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St. John Catholic Center (St. John Seminary)

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1915–1916, Frank M. Blaisdell. 2500 N. Tyler St.

The forty-acre property of St. John Seminary in Pulaski Heights was referred to as a “complete wilderness” when construction began in 1915. Although the property is now surrounded by residential development, the campus remains partially wooded with large expanses of green space. In 1908, Bishop John B. Morris opened a Catholic college, named Little Rock College, in downtown Little Rock, and in 1911 St. John Seminary became a part of the college. Increased enrollment required more space for the students, and in 1916 the college and the seminary moved to this site. Little Rock College closed in 1930 following the economic crash of 1929. By 1967 the number of seminary students was so few that the seminary closed too. The campus now serves as a Catholic training center and retreat. The center’s buildings are arranged around an oval-shaped green space, and the four early structures (Morris, Byrne, and Fitzgerald halls, and a gymnasium) designed by Blaisell are Collegiate Gothic in style. Morris Hall (1916) is a three-part building with an elaborate stone frontispiece. A chapel by Thomas Harding Jr. was added to the rear of the hall in 1951. The chapel’s twelve stained glass windows depict saints who were associated with priestly life and missionary work. Fitzgerald Hall (1916) was the science building, and a series of cartouches on the facade symbolizes medicine, engineering, and art. Byrne Hall initially was the refectory for the seminarians, and its exterior is embellished with gargoyles. The former gymnasium (1916) included apartments for faculty members and caretakers; the building later had other uses.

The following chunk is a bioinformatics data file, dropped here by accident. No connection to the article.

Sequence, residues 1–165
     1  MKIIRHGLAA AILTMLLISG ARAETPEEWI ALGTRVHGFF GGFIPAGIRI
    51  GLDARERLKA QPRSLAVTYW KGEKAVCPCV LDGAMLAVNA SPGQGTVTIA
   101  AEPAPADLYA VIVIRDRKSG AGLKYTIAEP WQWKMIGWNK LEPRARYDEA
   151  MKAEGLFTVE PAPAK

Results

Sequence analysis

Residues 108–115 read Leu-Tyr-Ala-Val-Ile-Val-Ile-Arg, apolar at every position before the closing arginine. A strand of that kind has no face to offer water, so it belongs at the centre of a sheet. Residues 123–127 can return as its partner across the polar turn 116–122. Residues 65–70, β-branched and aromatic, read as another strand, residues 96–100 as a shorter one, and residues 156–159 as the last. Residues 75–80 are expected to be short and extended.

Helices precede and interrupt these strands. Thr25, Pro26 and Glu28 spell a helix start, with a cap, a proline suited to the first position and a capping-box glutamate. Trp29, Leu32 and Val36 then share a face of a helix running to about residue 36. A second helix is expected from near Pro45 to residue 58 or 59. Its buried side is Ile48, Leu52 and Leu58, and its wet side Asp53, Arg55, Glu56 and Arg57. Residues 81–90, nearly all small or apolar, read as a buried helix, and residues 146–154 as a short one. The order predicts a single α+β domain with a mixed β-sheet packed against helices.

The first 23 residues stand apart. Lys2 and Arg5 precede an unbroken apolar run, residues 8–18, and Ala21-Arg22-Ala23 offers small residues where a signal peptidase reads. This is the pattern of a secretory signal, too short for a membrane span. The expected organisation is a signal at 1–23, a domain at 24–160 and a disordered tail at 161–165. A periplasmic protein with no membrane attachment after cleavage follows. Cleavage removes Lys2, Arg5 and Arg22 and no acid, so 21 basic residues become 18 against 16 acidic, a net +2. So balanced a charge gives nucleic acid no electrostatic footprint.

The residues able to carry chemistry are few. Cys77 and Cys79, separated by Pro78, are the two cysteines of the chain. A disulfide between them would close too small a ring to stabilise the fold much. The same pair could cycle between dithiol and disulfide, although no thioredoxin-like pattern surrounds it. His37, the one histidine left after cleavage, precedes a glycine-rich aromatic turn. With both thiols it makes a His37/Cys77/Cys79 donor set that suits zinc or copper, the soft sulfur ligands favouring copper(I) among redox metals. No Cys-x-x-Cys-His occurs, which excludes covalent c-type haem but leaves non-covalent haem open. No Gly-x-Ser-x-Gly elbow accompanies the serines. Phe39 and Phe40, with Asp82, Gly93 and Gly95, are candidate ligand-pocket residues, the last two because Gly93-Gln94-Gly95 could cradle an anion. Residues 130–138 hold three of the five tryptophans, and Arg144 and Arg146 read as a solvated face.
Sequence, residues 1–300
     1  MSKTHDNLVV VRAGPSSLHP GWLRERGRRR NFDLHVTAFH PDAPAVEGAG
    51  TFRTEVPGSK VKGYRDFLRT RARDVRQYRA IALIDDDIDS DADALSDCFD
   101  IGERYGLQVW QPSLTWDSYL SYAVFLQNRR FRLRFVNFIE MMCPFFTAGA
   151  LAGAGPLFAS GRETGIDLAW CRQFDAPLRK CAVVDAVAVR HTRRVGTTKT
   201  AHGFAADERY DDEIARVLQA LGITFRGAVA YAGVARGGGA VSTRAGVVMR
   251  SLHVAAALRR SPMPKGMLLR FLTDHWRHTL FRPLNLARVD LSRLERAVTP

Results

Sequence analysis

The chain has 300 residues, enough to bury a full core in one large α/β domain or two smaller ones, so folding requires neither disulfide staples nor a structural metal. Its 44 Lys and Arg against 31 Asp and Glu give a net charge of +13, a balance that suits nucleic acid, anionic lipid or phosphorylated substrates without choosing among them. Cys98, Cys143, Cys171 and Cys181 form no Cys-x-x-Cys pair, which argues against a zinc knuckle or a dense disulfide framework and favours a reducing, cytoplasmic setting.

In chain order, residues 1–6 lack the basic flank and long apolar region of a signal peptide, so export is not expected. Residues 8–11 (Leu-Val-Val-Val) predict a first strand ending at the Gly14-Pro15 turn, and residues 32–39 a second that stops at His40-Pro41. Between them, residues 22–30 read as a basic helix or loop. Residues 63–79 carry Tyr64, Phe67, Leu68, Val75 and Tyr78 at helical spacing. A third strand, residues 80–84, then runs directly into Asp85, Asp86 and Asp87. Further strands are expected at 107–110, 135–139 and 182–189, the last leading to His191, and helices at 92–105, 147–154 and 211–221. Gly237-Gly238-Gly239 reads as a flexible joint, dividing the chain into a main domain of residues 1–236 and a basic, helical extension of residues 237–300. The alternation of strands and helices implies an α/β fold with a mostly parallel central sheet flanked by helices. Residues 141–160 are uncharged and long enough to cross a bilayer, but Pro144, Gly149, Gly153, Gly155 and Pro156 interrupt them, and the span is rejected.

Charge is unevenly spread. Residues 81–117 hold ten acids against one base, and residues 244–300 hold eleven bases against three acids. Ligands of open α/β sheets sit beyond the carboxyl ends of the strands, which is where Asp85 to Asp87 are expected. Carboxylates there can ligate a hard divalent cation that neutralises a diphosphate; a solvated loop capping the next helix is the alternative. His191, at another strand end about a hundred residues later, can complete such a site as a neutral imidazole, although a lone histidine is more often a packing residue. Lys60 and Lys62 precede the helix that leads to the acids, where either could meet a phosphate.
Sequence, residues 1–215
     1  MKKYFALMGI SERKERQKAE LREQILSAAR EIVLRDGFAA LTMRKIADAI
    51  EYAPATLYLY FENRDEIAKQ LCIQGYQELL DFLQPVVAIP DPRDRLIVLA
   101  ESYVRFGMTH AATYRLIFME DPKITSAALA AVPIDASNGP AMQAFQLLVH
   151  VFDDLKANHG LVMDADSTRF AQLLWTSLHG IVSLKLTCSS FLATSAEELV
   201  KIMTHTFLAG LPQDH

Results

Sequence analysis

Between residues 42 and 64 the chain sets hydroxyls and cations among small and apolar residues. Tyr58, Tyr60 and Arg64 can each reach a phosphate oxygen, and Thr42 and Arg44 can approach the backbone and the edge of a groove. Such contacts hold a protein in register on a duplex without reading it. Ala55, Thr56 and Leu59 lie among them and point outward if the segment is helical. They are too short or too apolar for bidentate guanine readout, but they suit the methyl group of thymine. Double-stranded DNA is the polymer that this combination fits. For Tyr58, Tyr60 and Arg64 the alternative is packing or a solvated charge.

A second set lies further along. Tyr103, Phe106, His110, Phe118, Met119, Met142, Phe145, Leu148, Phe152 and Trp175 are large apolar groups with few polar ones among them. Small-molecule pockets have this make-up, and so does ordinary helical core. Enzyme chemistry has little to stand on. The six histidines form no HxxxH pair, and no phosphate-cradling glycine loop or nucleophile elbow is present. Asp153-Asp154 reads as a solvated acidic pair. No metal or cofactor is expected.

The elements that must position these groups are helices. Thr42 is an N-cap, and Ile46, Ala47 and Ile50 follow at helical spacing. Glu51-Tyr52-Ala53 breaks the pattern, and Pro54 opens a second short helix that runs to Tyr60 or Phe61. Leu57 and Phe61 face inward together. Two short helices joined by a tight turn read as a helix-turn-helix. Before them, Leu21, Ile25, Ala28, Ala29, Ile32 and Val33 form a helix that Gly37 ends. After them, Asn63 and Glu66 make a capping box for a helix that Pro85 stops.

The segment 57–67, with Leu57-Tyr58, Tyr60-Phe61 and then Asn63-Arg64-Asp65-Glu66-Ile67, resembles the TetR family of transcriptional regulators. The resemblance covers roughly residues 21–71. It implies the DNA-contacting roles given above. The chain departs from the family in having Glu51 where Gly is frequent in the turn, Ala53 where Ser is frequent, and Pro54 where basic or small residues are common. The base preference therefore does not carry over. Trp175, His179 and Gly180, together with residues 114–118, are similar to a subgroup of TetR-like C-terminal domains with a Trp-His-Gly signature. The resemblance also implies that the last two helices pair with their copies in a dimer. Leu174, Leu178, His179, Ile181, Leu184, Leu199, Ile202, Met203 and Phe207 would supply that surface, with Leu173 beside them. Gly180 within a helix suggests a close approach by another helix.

Writing Credits

Author: 
Cyrus A. Sutherland with Gregory Herman, Claudia Shannon, Jean Sizemore Jeannie M. Whayne and Contributors
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Citation

Cyrus A. Sutherland with Gregory Herman, Claudia Shannon, Jean Sizemore Jeannie M. Whayne and Contributors, "St. John Catholic Center (St. John Seminary)", [Little Rock, Arkansas], SAH Archipedia, eds. Gabrielle Esperdy and Karen Kingsley, Charlottesville: UVaP, 2012—, http://sah-archipedia.org/buildings/AR-01-PU52.

Print Source

Cover: Buildings of Arkansas

Buildings of Arkansas, Cyrus A. Sutherland and contributors. Charlottesville: University of Virginia Press, 2018, 145-145.

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